[Ads-l] antedating OED on "could care less"

Ben Zimmer bgzimmer at GMAIL.COM
Tue Mar 9 18:09:50 UTC 2021

Great stuff from Pat and Stewart -- the 1949 Australian letter is terrific
evidence of "could care less." I looked into this back in 2005 and found
"could care less" from 1955 and "couldn't care less" from 1944 (the OED
entry for "care" clearly hasn't been updated for a while):


Looking again now, I've found "could care less" from 1948 from a Canadian

Ottawa Evening Citizen, July 20, 1948, p. 3, col. 6
"Novel Race Between Citron and the Frost" by W.T. Larmour
The idea is that because their frost comes earlier (if it does) the
Gatineau goers are. a more rugged, tougher breed than people who stick
around in Ottawa. I could care less!

I would say the 1892 example of "could not care less" mentioned by Pat
isn't quite the modern idiom, as it's in the form "You could not care less
for him if he were a dog." Looking again for idiomatic "couldn't care
less," the earliest I find is from 1942.

Kansas City (Mo.) Star, Jan. 25, 1942, p. 4C, col. 6
"The Coup of Mr. Marsland Faille," by Marcel Wallenstein
"Why, Mr. Pennington, I think you're funny."
"I mean it. You see, I've lost."
"Have you?" she said, and poured herself another drink.
"Yes, I have."
"I couldn't care less," responded Miss Mond lightly.


On Tue, Mar 9, 2021 at 12:39 PM Mailbox <mailbox at grammarphobia.com> wrote:

> The OED's earliest sighting of "could care less" is from 1966, and it's
> labeled "U.S. colloquial phrase." But my husband and I have found evidence
> of it in Australia in 1949, clearly used in the modern sense of "could not
> care less." We found interdatings from earlier in the 60s as well, in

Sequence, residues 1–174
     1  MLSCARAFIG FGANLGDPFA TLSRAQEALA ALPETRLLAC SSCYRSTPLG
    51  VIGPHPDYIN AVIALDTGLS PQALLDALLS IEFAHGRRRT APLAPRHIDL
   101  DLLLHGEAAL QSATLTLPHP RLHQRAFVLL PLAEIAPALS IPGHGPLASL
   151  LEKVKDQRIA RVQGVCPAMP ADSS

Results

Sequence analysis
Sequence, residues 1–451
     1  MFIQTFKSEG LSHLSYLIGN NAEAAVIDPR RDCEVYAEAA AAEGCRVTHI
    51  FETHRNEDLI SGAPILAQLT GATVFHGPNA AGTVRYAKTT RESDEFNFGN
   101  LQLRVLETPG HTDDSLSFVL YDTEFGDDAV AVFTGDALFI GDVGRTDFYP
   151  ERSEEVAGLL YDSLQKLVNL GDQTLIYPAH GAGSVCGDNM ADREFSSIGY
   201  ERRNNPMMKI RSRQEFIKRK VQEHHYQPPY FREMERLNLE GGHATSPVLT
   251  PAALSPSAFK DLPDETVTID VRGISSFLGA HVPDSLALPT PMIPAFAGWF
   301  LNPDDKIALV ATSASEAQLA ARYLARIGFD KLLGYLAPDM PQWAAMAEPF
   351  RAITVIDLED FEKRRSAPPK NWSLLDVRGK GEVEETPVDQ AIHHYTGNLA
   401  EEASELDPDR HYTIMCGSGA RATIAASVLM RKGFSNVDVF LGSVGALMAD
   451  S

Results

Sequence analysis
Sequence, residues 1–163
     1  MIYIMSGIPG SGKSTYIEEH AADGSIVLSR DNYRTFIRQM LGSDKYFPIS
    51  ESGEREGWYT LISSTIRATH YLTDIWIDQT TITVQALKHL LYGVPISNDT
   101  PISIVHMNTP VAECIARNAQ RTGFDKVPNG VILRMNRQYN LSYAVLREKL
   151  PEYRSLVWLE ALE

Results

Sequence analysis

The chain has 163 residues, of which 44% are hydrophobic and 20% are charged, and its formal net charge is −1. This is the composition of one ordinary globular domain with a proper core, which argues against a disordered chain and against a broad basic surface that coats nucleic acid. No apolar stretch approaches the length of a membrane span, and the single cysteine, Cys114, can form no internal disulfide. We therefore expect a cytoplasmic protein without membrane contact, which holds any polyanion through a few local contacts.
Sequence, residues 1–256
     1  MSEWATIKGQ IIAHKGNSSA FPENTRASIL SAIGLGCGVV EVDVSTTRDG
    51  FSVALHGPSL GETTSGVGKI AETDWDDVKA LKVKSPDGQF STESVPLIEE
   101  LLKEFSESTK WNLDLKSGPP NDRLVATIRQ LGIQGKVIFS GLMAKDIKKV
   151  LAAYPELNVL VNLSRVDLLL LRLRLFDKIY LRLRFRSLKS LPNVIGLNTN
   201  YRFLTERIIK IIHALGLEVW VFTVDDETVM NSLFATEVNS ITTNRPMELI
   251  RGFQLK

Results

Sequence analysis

> editing writing.
> We report this in an updated post on our blog:
> https://www.grammarphobia.com/blog/2012/12/more-about-caring-less.html <
> https://www.grammarphobia.com/blog/2012/12/more-about-caring-less.html>
> A letter written in 1949, and entered into testimony in a divorce court in
> Perth in 1950, has at least five examples of "I could care less." The
> letter was excerpted two years later in a news article about the divorce
> (The Mirror, Perth, June 28, 1952).
> We didn't include the link to the article, so here it is:
> https://trove.nla.gov.au/newspaper/article/75777641?searchTerm=%22could+care+less%22
> <
> https://trove.nla.gov.au/newspaper/article/75777641?searchTerm=%22could+care+less%22
> >
> Some of the excerpts we quote:
> "I did love you with all the passion and love that is possible of a man
> (if you can call me a man in your idea) and now I could care less."  … "But
> at the present time I could care less." … "I don't care how you take it, I
> could care less." … "I'm writing how I feel and I could car [sic] less.
> Goodnight Zoe and goodbye if you wish it—I could care less."
> We've also found "could not care less" from 1892 (OED has only the
> contracted form, from 1946).
> Our post ventures to speculate about the development of "could care less."
> Rather than being ironic, it could be a natural extension of a literal
> construction in which a negative element ("no one," "none," "few,"
> "nobody,” conditional “if," etc.) appears before “could care less." We give
> examples, beginning in the 1860s, for British and American uses of this
> construction: "few men … could care less," "no man could care less," "no
> one could care less," "nobody could care less," "neither of them could care
> less," "I don’t believe they could care less," and so on.
> As we note, it's not much of a jump from "nobody could care less" to "they
> could care less."
> Pat O’Conner

The American Dialect Society - http://www.americandialect.org

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